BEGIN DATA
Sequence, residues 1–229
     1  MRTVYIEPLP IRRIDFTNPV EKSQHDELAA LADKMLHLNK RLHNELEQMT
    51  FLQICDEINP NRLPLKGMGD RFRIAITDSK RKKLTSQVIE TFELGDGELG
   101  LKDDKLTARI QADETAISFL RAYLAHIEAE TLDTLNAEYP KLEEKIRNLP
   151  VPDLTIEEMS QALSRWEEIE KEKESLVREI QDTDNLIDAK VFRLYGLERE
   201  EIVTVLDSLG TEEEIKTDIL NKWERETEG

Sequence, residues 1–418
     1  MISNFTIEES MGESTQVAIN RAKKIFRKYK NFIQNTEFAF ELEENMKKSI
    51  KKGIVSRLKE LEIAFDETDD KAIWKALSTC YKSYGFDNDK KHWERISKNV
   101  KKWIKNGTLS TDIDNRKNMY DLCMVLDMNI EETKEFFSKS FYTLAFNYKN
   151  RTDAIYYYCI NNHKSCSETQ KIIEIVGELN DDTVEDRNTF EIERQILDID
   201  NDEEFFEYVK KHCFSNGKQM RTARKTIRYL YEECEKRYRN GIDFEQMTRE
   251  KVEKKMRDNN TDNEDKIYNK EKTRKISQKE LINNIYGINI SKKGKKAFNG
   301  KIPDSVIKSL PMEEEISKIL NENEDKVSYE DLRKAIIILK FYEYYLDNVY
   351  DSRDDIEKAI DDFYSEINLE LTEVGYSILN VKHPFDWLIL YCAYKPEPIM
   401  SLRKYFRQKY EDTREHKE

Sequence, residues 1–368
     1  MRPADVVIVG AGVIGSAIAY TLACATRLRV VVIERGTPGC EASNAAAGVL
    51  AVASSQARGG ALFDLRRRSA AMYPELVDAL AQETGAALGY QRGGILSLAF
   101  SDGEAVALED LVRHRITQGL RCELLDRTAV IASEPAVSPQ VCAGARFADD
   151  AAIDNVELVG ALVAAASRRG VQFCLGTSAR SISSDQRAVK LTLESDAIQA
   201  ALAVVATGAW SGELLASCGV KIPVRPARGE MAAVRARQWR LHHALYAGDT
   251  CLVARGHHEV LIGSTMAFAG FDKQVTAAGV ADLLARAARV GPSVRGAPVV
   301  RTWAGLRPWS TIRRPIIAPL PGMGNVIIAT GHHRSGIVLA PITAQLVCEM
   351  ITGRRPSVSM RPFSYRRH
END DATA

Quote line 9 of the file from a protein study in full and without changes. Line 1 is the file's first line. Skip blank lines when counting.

    51  KKGIVSRLKE LEIAFDETDD KAIWKALSTC YKSYGFDNDK KHWERISKNV